Clarify the difference between there is and there are with a worksheet that features both grammar and vocabulary activities. It also covers prepositions (by and on), comparative adjectives, and finding the opposites of other adjectives.
Practice writing simple sentences in the present tense with a series of grammar exercises. Kids fill in the blanks, create and answer questions, and use the negative present tense to complete an activity with a word bank.
Several skills are the focus of a grammar and vocabulary worksheet, including forms of be, possessive nouns, and family and school vocabulary. After completing sentences with the proper forms of be, kids choose which possessive nouns are correct. They work on matching vocabulary words about family (such as mother with father) and select which word in a list of school words does not belong.
A variety of grammar activities is sure to challenge your learners. With creative exercises that cover there are and there is (as well as there aren't and there isn't), prepositions, and comparative adjectives, the worksheet is a good addition to your classroom warm-ups or homework assignments.
Everyone dreams of going to Paris! Challenge your advanced French speakers to really get to know the city of lights. They use the plethora of worksheets provided to really explore the monuments, museums, and shops of Paris. They use a comparison chart to record prices for various activities and they decide which places they'd visit. They research flights, hotels, etc. A fun twist would be to assign each person a different budget. Then, when each person presents his or her trip, the rest of the class could see what kind of trip one would take under several different financial constraints.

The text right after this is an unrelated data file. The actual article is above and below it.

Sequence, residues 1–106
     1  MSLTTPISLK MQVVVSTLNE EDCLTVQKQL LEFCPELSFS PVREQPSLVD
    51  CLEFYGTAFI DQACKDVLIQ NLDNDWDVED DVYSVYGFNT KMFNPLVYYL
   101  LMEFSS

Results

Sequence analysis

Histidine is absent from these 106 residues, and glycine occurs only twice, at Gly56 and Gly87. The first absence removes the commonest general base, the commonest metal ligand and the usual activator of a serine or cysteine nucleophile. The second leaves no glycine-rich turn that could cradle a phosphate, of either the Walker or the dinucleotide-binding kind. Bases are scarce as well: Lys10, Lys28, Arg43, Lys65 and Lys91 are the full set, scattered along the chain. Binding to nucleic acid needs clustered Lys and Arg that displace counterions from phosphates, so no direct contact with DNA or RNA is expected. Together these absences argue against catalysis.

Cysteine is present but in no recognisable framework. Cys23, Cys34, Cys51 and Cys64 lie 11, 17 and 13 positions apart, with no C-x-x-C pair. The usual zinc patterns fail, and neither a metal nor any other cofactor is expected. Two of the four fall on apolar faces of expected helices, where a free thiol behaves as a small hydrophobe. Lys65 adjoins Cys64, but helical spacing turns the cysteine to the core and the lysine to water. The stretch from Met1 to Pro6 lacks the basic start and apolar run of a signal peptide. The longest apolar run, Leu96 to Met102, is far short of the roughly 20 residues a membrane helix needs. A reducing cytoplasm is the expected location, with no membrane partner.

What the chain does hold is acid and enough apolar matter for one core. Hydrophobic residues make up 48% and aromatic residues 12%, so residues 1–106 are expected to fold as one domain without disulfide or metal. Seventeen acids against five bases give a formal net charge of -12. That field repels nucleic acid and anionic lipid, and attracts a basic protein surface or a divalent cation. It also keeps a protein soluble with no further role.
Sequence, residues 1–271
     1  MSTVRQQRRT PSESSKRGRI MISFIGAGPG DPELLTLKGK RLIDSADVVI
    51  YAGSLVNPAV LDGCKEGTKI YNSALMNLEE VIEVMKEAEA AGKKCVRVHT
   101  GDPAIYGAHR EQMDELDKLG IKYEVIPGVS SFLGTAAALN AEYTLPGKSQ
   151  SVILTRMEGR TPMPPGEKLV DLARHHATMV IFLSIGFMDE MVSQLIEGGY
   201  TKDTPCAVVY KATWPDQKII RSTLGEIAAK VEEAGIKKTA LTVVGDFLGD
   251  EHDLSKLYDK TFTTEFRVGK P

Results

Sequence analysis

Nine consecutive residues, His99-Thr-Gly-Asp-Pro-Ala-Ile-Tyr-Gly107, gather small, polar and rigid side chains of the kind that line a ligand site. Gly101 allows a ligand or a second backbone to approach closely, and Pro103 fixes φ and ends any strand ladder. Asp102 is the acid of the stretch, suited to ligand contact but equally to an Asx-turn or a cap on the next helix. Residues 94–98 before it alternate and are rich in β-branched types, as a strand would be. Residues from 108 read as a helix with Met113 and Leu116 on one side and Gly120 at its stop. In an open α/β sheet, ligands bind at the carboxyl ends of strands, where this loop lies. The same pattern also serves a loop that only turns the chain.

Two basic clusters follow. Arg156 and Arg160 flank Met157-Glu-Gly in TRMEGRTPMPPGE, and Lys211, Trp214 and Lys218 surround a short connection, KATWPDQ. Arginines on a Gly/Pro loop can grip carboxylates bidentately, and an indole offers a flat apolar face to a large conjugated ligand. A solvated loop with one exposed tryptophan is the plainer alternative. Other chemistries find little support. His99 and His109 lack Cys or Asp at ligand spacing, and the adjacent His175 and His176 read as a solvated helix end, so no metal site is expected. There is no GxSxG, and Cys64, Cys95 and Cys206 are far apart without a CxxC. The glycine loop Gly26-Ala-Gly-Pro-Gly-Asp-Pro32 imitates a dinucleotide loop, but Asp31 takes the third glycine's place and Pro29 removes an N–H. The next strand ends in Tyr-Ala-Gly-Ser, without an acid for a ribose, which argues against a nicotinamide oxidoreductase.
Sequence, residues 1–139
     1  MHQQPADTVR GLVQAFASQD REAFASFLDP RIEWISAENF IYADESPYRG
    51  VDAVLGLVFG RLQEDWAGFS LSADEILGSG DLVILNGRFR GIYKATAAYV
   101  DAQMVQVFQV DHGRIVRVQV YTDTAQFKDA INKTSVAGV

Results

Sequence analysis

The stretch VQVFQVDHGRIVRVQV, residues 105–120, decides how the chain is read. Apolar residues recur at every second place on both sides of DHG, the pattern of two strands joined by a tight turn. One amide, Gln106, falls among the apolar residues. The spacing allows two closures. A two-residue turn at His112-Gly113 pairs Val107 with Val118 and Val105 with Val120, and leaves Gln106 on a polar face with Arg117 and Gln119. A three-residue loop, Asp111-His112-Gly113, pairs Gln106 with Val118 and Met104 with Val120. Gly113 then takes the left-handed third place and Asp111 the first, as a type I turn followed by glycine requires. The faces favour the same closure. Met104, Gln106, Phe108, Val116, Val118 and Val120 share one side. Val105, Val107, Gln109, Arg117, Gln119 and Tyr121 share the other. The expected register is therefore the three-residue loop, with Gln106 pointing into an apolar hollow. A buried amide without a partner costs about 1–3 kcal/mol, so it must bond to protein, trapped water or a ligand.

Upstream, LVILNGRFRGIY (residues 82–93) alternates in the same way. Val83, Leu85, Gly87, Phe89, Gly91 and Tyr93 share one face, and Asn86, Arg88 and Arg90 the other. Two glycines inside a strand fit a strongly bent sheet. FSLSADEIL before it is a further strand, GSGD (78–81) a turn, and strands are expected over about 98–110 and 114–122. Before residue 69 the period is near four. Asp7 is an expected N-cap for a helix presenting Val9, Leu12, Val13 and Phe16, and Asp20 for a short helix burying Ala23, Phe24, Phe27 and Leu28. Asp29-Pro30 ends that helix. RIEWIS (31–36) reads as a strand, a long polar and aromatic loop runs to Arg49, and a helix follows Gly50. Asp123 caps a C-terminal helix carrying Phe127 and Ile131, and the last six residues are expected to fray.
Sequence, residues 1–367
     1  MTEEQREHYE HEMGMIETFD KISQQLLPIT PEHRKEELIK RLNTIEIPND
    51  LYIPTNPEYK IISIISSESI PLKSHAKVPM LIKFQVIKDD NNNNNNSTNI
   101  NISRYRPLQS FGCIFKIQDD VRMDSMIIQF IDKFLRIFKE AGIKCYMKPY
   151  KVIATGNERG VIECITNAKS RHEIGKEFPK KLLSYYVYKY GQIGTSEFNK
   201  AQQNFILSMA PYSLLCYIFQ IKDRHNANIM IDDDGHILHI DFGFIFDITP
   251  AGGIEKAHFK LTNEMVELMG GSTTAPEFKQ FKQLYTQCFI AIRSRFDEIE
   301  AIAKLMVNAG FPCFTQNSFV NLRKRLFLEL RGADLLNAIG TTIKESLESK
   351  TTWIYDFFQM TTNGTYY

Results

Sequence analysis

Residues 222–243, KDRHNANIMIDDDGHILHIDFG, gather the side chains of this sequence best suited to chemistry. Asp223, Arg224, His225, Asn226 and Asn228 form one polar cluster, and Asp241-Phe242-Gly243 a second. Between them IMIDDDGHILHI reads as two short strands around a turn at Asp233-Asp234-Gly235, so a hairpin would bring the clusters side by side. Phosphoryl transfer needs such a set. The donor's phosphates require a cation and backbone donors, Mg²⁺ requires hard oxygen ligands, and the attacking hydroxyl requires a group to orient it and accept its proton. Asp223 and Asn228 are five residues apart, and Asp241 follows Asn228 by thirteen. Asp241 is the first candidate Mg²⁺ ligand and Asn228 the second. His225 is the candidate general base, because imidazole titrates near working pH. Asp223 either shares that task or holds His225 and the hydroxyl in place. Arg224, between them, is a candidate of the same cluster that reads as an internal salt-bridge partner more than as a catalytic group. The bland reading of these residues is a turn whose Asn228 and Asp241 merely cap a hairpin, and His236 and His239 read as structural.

These five exercises focus on conjugating verbs into the past and past progressive. Students simply follow the instructions for each exercise to practice first the simple past, affirmative and negative, and then the past continuous, also affirmative and negative. The final exercise puts it all together and requires individuals to choose between the two tenses.